The Future Battery Industries Cooperative Research Centre has launched Australia’s first cathode precursor production pilot plant at Curtin University in Perth as the country develops new capabilities needed for a battery manufacturing industry.
At a value of $18 million, the plant features four fully integrated and automated precursor cathode active material (P-CAM) production units. The plant will build the capabilities needed to develop Australian P-CAM manufacturing facilities at a commercial and industrial scale.
Tests are to be undertaken over 18 months to trial the development of batteries with different compositions and ratios of chemistries, and varying production conditions such as temperature, pH, and stirring rate will also be tested.
With wide support from the mining industry, the project is being undertaken with 19 participants from research, industry, and government. This includes support from CSIRO.
P-CAM must undergo further processing before they can be used in battery cells. For the Future Battery Industries Cooperative Research Centre (FBICRC) pilot plant, further processing and testing will be undertaken at the FBICRC-funded electrochemical testing facility at Queensland University of Technology (QUT).
FBICRC chief executive Shannon O’Rourke said that Western Australia provided a strong base for the development of a battery manufacturing industry.
“WA is already a leader in production for critical minerals, producing over 50 per cent of the world’s lithium supply, and is leading the way in mineral processing, taking those raw minerals and upgrading the value of them to produce refined chemicals like lithium hydroxide, manganese sulphate, nickel sulphate, and other chemicals,” Mr O’Rourke said.
He also added that with the Albanese government’s promise for a $1 billion value-adding in resources fund, $1 billion advanced manufacturing growth fund, and $3 billion powering Australia plan, the battery industry is “quite set up for success”.
“Australia has the potential to develop into a competitive player in the international batteries industry. The Pilot Plant launch is a significant step in developing the on-shore capabilities and industry knowledge to create thousands of jobs and add billions of dollars to our economy.”
Skills transfer from research to industry will be an important use for the pilot plant and will be used by universities and TAFE institutions to train chemical and process engineers.
Mr O’Rourke also added that building giga-scale battery manufacturing plants in Australia could happen much faster. He said that Australia should increase imports of existing P-CAM manufacturing technology in addition to local research and industry collaborations.
Australian battery materials manufacturing could be worth $1 billion by 2030 and support 4,800 jobs, according to the industry report commissioned by the FBICRC in 2021. Australia is already a massive producer of Nickel, Cobalt, Manganese, Graphite and Lithium, the essential raw materials for battery production.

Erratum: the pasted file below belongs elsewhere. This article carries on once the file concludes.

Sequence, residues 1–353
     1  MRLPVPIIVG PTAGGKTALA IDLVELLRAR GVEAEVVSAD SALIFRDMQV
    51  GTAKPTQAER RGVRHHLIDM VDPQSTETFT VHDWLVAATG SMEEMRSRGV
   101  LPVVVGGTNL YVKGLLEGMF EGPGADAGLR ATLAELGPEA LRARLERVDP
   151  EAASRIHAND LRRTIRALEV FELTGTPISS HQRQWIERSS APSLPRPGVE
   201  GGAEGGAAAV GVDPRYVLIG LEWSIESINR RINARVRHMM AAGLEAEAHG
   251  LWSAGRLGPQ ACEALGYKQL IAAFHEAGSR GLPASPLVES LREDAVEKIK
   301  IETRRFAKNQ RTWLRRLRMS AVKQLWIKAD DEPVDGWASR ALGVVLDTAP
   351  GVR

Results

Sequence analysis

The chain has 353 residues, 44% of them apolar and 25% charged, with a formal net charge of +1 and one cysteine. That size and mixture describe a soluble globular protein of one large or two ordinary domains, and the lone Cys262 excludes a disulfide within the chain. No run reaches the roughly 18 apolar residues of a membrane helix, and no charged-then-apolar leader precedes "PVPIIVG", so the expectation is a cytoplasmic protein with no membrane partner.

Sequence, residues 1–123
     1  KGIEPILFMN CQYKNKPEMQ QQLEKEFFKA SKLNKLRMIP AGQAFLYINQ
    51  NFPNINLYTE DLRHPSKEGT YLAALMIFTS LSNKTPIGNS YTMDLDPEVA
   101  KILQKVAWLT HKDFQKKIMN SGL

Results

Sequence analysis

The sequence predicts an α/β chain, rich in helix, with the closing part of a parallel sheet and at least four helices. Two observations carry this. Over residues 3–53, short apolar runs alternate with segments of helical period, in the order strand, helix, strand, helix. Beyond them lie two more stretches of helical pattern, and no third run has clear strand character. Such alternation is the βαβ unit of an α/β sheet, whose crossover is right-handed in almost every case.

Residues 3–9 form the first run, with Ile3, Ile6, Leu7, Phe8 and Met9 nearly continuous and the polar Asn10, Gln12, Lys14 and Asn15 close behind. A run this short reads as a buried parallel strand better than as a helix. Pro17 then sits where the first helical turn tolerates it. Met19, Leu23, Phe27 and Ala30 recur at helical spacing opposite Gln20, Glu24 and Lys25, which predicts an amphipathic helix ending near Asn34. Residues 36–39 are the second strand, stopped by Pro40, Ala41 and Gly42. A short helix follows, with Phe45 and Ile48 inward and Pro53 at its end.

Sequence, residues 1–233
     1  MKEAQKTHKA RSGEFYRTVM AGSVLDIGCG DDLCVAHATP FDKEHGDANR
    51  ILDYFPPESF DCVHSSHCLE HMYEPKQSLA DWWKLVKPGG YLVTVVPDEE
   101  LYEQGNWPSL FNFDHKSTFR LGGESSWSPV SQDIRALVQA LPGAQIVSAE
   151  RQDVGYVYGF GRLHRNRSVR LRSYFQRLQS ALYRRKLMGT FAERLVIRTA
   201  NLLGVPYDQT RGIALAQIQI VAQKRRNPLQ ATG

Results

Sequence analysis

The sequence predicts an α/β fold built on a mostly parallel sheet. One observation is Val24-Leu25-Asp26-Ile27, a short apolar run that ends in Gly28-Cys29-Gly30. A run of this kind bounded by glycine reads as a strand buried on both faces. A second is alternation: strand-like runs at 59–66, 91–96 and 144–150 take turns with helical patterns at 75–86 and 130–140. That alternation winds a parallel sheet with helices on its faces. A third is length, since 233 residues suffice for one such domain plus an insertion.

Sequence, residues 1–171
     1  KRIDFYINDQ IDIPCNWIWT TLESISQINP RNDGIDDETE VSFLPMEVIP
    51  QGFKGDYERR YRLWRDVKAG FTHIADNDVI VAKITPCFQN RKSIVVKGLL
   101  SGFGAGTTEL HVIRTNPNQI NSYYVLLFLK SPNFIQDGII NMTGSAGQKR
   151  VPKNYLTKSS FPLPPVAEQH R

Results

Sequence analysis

Waste produced during P-CAM manufacturing will be used to make fertiliser, helping to reduce manufacturing costs and minimising the environmental impact of waste byproducts.
The P-CAM units have been provided by the Australian subsidiary of German chemicals manufacturing BASF. Other equipment was repurposed from BHP Nickel West’s Nickel Sulphate pilot plant.
BASF’s senior vice-president for global battery base metals and recycling Matthias Dohrn said told InnovationAus.com that bringing more of the battery supply chain to Australia would be beneficial.
“I believe in more local production, and if you look into value chains sustainability plays more and more of a role which consumers are more eager to have…When you ship raw materials, you actually ship a lot of material you don’t really want. Let’s say if that out of your ore the metal content is 30 per cent, you still ship 70 per cent of the material you don’t want to ship. This is all expensive and is not necessarily the right thing to do for the environment,” Mr Dohrn said.
Although Mr Dohrn believes that Australian exports of P-CAM “makes absolute sense” he said he has his doubts if it would make economic sense to export Australian-made electric vehicles.
The other key components of a battery cell are the anode, electrolyte, and separator. The FBICRC funds the QUT National Battery Testing Centre, battery materials research at the University of Technology Sydney, electrolyte research at Deakin University, and battery anode research at the University of Melbourne.
Curtin University also received $50 million through the federal government’s University Trailblazer program earlier this year to lead the Resources Technology and Critical Minerals hub.
Before being elected, the Albanese government committed to launching a National Battery Strategy The FBICRC’s 2021 report estimates that a national battery strategy could create up to 34,700 jobs and $7.4 billion in economic activity by 2030.
The Western Australian and Queensland state governments have already unveiled battery industry strategies.
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